April 20, 2006

Josh Ritter's The Animal Years

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Singer/songwriter Josh Ritter’s latest effort The Animal Years shamelessly incorporates a host of conventional pop influences, from Bruce Springsteen (“Monster Ballads”) to Billy Joel (“Wolves”), as well the usual folkies Bob Dylan and Leonard Cohen.

Ritter supplements his clichéd Americana narratives with orchestral flourishes and pseudo-literary diction, like the ludicrous reference to Hamlet on the sprawling, self-important “Thin Blue Flame” (and nevermind the Coldplay-esque piano banging).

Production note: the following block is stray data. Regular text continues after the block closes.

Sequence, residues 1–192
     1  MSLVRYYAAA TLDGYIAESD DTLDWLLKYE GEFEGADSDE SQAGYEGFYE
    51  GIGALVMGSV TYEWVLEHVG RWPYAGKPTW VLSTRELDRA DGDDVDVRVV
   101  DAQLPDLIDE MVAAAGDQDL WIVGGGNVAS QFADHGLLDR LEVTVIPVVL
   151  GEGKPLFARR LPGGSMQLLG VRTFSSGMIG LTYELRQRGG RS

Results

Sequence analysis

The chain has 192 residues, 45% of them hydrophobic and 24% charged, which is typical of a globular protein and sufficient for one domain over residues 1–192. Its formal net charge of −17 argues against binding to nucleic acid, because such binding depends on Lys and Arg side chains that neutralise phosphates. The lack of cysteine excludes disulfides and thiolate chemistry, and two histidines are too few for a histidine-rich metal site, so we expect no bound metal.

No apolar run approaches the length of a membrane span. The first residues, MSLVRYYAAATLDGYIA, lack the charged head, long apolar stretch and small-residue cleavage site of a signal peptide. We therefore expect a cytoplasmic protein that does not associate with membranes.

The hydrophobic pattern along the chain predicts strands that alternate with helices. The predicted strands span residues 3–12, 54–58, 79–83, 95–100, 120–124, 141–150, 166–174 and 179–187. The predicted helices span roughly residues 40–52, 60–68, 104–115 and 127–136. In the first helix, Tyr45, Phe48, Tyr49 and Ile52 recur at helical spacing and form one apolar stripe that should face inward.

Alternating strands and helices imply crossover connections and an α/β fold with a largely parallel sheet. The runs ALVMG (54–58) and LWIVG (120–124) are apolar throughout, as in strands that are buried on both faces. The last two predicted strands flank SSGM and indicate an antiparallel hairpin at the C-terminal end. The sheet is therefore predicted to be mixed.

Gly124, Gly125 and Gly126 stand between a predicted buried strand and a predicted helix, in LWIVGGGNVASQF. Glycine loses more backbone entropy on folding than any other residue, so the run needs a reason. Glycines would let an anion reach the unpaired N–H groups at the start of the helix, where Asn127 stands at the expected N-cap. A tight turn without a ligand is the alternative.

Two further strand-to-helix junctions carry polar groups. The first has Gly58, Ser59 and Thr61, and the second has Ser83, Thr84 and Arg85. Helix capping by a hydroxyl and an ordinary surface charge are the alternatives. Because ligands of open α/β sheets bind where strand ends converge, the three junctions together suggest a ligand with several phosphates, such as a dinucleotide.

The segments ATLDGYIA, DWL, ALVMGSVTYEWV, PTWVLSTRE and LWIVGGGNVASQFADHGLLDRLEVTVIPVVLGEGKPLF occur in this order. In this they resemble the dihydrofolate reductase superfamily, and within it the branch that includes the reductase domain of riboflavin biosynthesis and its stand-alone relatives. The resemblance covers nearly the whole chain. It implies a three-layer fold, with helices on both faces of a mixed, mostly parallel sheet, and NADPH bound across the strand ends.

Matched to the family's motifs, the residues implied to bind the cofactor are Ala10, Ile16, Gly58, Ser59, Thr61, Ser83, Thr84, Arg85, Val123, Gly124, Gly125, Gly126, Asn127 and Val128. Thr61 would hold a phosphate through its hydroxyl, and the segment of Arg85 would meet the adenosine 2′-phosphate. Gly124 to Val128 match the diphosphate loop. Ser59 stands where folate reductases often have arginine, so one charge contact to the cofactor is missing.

Saturated with Christian allusions a la pretty boy Sufjan Stevens, much of Ritter’s lyrics are preachy and heavy-handed (“Girl in the War”). The Animal Years is allegedly a “provocative” response to the war in Iraq, but any fiery political insights are lost in Ritter’s indulgent, self-important ramblings.

Whether Ritter is pacifying lazy listeners with a college-rock Guster accessibility (“In The Dark”) or with saccharine lyrics (“One More Mouth”), it is easy to see that an underwhelming mediocrity is at the heart of The Animal Years.

Archived article by Natasha Pickowicz